Excerpt: School of Deaths by Christopher Mannino
Title: School of Deaths
Author: Christopher Mannino
Genre: YA Fantasy
Thrust into a world of men, can a timid girl find bravery as the first female Death?
Thirteen-year-old Suzie Sarnio always believed the Grim Reaper was a fairy tale image of a skeleton with a scythe. Now, forced to enter the College of Deaths, she finds herself training to bring souls from the Living World to the Hereafter.
The task is demanding enough, but as the only female in the all-male College, she quickly becomes a target. Attacked by both classmates and strangers, Suzie is alone in a world where even her teachers want her to fail.
Caught in the middle of a plot to overthrow the World of Deaths, Suzie must uncover the reason she’s been brought there: the first female Death in a million years.
Christopher Mannino’s life is best described as an unending creative outlet. He teaches high school theatre in Greenbelt, Maryland. In addition to his daily drama classes, he runs several after-school performance/production drama groups. He spends his summers writing and singing. Mannino holds a Master of Arts in Theatre Education from Catholic University, and has studied mythology and literature both in America and at Oxford University. His work with young people helped inspire him to write young adult fantasy, although it was his love of reading that truly brought his writing to life.
Mannino is currently working on a sequel to “School of Deaths” as well as an adult science fiction novel.
“Suzie, my gawd, you look like death.”
Crystal hadn’t changed. The smiling redhead with large blue glasses and the ever-present smell of cherry bubblegum was her best friend. She was grateful Crystal had spent the summer away. “Did you have a nice summer? How was Colorado?”
“My summer was great. Colorado’s cold. Geesh, what happened to you, Suzie?”
“I’ve been sick,” said Suzie. Not a complete lie, obviously something was wrong with her, but she didn’t know what.
“Sick?” Her voice lowered to a whisper. “You look like you’re dying.”
“I’ll be fine.”
“Crystaaal. Suzieee,” shouted a voice from across the parking lot.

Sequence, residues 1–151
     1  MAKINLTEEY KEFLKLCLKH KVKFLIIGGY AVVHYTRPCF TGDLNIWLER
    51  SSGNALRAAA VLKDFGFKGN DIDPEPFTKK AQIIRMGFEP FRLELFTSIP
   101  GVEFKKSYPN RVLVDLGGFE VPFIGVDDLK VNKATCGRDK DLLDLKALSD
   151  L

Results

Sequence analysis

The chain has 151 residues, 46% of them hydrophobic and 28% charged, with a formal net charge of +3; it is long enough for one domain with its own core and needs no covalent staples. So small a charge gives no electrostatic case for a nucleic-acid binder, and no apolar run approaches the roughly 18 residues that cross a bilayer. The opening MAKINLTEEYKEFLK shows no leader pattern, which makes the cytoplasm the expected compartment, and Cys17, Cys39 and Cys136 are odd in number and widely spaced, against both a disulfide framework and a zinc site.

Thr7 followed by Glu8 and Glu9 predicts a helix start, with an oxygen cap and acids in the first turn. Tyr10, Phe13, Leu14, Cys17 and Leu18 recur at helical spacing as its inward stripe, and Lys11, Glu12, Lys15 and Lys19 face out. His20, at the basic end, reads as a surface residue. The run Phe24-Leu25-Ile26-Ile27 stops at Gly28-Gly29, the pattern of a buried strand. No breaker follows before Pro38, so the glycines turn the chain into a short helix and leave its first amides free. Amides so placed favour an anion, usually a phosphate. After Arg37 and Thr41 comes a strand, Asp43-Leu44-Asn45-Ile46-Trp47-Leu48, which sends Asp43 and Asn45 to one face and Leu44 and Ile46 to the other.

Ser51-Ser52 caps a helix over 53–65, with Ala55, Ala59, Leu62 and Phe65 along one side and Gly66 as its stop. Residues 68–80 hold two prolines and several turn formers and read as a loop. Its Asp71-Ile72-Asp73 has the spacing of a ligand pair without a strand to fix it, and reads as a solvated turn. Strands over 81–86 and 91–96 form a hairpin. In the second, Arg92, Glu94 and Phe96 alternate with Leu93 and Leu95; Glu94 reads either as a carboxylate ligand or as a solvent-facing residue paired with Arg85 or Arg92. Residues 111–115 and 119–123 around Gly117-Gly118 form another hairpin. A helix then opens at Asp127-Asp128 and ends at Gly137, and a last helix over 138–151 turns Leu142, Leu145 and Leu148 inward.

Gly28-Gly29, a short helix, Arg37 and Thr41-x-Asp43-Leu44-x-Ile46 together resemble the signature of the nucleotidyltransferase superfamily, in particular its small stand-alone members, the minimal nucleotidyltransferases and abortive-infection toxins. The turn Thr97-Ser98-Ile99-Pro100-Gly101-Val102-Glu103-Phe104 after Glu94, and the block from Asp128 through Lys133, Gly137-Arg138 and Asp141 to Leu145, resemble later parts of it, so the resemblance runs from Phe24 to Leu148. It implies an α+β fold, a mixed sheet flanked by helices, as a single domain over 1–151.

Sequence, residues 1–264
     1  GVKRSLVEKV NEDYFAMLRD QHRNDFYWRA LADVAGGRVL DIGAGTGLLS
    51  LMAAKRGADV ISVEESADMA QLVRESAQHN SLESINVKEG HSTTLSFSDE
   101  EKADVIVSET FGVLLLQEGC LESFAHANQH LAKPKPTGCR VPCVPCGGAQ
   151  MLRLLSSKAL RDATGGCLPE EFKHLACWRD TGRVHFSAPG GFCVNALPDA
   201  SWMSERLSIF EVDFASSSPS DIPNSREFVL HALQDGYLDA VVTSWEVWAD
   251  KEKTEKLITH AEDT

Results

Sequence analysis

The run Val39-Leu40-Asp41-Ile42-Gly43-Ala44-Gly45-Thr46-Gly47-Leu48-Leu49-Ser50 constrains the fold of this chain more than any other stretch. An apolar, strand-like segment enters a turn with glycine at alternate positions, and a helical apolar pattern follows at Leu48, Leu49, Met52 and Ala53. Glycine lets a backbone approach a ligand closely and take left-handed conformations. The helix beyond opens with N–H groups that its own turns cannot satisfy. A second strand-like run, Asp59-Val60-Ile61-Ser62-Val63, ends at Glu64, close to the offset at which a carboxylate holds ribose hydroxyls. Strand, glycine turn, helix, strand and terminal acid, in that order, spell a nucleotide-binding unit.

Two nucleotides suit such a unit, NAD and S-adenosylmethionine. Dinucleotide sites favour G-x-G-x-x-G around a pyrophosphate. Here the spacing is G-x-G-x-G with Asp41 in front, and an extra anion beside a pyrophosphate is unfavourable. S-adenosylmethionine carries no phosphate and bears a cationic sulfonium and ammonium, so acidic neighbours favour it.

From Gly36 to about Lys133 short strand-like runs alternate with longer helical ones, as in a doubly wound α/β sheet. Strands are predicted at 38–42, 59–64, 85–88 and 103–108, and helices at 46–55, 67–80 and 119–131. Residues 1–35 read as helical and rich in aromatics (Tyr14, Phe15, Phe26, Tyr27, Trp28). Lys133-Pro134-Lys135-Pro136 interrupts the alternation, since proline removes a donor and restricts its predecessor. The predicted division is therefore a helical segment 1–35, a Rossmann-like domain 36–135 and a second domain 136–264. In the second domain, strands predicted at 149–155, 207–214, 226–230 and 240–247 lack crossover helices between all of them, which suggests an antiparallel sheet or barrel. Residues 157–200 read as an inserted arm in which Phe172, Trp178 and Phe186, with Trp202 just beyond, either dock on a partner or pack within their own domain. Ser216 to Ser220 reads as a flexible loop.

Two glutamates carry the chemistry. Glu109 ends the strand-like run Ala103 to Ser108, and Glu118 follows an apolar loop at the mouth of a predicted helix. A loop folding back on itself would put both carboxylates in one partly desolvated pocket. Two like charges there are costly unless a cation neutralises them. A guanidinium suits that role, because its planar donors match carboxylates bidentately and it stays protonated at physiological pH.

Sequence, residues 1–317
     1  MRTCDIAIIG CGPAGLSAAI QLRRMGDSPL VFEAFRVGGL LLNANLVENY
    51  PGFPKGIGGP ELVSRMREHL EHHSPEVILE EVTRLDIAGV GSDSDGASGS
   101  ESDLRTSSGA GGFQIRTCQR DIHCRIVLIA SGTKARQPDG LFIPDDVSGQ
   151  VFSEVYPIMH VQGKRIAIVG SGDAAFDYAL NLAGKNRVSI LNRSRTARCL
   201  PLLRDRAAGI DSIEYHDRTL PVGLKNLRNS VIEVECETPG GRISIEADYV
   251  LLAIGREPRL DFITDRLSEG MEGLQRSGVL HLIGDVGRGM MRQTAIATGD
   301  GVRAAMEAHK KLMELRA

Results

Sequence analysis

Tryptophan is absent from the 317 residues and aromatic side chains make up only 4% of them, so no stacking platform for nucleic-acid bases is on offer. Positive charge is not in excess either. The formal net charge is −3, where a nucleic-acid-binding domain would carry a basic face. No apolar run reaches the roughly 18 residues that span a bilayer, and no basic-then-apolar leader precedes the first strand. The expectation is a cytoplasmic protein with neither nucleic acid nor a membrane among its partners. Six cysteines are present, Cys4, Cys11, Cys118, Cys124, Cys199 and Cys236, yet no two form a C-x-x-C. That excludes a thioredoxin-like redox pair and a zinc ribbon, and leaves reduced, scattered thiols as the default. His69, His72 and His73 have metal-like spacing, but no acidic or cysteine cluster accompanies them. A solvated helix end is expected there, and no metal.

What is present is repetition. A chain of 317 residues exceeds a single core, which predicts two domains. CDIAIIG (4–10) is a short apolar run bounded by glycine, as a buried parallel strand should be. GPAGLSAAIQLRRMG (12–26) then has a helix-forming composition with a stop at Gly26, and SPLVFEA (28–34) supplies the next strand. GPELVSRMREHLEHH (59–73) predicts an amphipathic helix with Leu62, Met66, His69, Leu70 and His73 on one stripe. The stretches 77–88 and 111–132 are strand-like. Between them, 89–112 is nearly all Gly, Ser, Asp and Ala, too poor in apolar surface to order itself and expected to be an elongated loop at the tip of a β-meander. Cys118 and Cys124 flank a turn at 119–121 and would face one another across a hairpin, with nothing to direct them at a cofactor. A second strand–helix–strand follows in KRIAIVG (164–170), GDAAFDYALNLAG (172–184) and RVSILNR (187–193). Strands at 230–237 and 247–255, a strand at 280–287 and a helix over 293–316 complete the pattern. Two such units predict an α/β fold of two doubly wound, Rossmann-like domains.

“Oh gawd, it’s Monica,” said Crystal. “Let’s go inside quick.”
Suzie and her friend started to walk away, but the tall, lanky girl with small eyes caught up to them. Monica. She wasn’t too bad, if you ignored her whiny voice and her inane stories.
“Hiii guys,” said Monica. “I missed youuu this summer. Did you lose weight? The funniest thing happened the other day…”
Suzie realized the worst of the day was over. She got teasing looks from the kids and concerned frowns from the teachers, but like Monica, most people were too wrapped up in their own little world to pay any attention to her. Even Crystal eventually stopped asking questions.
“Tell me again, do you like the way you look?”
“I’m sorry, what?” she asked.
Suzie snapped to attention. The day had blurred by, and she was sitting in Dr. Fox’s office, wearing a hospital gown.
“Suzie, I asked if you like the way you look?”
Suzie was cold and annoyed. The office smelled of bleach, and the fluorescent light overhead hummed like a dying fly. Dr. Fox glanced up from her notes and smiled a dry, lifeless smile she probably practiced in front of a mirror.
“No, Doctor.” She repeated the same answers she had given last time, and the time before. “I despise the way I look. I’m a damned skeleton. You can see every bone. I love to eat, I don’t purge, I hardly exercise, and I actually feel fine.”
“Yes, that’s the strangest part,” interrupted Dr. Fox. “Every test seems to indicate that you’re at the peak of health. No lanugo, no joint issues, no skin problems, and your stomach and the rest of you are actually functioning fine. I’ve almost completely ruled out anorexia, but your weight is still drastically low. It’s like your calories are vanishing into some other dimension.” She laughed. “My husband wishes that would happen with me.”
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